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Windows 7: Power question.

03 Dec 2009   #1

Windows 8 Pro (32-bit)
Power question.

So from what i can tell when your computer sleeps it uses less energy to get in and out of sleep mode but uses more power in sleep mode, while when you hibernate it takes more power to get in and out of hibernation mode but uses less power in hibernation mode.
Following that, at which point does the power used to get into and out of hibernation mode is more than just having the computer in sleep mode?
Or how would one calculate that?

My System SpecsSystem Spec
03 Dec 2009   #2


It uses enough power in sleep to keep your saved desktop in RAM.

At hibernation it writes the RAM to HD and shuts down cleanly, but for some reason can then startup faster. Plus all of your work is right where you left it on desktop.

The defaults are set perfectly, letting it sleep while you still may be working on it, then hibernating when you have likely left and now don't have to even think about turning it off or saving your work.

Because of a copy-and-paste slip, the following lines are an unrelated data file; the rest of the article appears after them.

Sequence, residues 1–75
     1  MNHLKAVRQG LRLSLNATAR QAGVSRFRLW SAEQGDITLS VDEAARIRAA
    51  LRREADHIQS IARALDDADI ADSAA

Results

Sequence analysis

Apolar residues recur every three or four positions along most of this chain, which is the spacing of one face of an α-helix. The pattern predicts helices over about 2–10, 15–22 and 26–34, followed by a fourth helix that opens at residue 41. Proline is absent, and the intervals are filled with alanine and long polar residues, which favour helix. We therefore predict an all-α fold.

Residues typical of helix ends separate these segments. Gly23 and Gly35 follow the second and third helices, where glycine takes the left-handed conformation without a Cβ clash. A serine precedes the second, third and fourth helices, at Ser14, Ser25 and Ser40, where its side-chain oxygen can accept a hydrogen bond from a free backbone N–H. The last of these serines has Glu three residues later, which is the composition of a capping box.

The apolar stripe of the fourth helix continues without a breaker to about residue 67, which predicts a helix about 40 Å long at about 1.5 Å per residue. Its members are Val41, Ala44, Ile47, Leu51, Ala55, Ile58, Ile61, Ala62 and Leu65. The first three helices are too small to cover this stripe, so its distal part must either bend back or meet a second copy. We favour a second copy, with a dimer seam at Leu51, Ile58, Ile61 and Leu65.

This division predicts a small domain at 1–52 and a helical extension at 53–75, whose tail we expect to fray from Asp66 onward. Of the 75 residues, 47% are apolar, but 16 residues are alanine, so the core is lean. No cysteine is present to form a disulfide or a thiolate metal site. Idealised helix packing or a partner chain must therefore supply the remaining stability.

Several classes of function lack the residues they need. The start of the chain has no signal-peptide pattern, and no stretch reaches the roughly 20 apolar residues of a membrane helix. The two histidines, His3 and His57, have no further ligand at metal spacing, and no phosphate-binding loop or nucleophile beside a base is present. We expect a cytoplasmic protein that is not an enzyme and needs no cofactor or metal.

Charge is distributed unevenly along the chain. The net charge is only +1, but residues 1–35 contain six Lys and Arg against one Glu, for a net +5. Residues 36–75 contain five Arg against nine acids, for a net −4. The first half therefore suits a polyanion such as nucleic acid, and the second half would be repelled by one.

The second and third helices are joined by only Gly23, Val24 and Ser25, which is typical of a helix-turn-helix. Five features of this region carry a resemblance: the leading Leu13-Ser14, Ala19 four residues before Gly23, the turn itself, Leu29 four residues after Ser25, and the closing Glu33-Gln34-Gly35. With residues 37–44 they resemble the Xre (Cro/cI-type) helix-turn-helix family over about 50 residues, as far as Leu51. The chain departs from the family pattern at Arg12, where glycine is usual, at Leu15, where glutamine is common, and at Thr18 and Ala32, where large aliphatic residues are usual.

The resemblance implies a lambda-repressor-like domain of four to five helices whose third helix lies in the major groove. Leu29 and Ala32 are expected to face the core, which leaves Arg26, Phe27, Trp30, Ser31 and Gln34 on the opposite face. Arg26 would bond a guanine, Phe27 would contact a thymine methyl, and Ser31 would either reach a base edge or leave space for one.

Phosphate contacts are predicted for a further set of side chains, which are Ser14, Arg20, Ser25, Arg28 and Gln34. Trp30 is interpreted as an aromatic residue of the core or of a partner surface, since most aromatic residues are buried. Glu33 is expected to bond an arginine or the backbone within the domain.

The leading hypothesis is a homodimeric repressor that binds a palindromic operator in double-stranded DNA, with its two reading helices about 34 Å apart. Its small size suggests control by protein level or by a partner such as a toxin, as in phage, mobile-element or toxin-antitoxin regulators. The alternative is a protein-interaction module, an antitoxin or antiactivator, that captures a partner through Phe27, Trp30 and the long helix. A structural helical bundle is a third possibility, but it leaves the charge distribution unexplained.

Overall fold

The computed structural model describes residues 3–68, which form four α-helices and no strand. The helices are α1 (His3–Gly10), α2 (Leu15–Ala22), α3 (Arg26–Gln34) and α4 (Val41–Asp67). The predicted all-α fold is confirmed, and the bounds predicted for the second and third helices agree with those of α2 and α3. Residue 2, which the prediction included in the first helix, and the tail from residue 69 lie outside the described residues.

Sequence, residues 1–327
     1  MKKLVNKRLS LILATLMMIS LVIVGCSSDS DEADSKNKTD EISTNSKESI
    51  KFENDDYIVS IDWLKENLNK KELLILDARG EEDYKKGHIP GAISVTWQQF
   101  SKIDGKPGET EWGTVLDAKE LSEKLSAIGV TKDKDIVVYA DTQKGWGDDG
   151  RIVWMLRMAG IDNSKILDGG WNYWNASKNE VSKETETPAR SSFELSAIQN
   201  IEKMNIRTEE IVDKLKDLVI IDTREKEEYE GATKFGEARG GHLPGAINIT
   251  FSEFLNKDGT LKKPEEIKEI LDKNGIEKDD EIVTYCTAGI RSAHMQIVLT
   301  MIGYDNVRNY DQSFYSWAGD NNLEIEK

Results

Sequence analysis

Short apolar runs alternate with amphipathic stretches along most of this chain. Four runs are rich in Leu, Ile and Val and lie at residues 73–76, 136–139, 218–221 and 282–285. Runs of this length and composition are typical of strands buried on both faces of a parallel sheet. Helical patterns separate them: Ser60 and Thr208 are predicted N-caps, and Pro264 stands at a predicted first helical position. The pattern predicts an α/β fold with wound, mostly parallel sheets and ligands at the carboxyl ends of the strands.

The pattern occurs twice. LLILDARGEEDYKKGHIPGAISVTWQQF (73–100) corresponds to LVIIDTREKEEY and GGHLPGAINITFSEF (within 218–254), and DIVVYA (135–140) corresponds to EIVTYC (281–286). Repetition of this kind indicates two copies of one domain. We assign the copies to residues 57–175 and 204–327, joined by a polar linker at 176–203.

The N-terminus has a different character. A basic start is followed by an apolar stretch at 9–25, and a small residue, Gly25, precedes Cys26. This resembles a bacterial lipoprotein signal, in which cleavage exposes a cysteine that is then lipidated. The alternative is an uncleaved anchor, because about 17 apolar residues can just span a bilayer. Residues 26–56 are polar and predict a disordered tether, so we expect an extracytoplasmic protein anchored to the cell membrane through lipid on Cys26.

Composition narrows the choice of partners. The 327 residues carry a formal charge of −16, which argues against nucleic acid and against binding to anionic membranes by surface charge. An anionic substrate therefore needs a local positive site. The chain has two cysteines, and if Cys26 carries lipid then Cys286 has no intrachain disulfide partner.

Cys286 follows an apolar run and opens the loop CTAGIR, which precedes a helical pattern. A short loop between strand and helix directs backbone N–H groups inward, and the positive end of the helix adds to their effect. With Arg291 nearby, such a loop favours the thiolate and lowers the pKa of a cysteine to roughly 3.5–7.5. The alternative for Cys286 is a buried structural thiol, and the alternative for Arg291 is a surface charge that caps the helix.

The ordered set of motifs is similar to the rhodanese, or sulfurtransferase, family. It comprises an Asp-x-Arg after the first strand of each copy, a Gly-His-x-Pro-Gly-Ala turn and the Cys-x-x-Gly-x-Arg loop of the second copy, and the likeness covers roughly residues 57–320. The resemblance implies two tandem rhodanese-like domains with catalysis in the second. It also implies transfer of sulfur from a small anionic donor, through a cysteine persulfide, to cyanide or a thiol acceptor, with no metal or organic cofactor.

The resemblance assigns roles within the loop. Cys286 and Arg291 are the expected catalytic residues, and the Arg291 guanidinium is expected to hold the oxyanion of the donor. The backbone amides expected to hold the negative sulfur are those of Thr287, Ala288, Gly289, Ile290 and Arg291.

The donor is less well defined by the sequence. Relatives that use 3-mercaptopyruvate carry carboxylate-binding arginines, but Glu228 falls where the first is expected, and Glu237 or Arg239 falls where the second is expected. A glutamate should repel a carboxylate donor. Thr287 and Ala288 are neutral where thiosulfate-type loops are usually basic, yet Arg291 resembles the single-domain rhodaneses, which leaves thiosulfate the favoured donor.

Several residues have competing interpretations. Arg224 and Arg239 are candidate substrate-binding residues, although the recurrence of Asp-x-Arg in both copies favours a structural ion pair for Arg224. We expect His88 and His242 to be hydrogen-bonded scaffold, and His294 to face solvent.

The power used to get into or out of hibernation is negligible when measured against no power use until next startup.
My System SpecsSystem Spec
03 Dec 2009   #3

Microsoft Community Contributor Award Recipient

Windows 7 Home Premium SP1, 64-bit

Buy a Kill-a-Watt device and do some real-life testing.
My System SpecsSystem Spec

03 Dec 2009   #4

64-bit Windows 10 Pro

Hello IceFire,

I would say that if you frequently are on and off the computer during the day, then Sleep mode would be better for you. It uses only a tiniest bit more power than hibernate, but it will resume Windows 7 for you almost instantly.

If you are not off and on the computer often, then hibernate would save you more energy. Hibernate just does not resumes as fast as Sleep.

Without a power meter plugged inbetween your computer and the outlet measuring how much power is being used, I'm not sure how you would calculate it.

Hope this helps,
My System SpecsSystem Spec
03 Dec 2009   #5

Windows 8 Pro (32-bit)

k thx
My System SpecsSystem Spec
03 Dec 2009   #6

64-bit Windows 10 Pro

You're welcome.
My System SpecsSystem Spec

 Power question.

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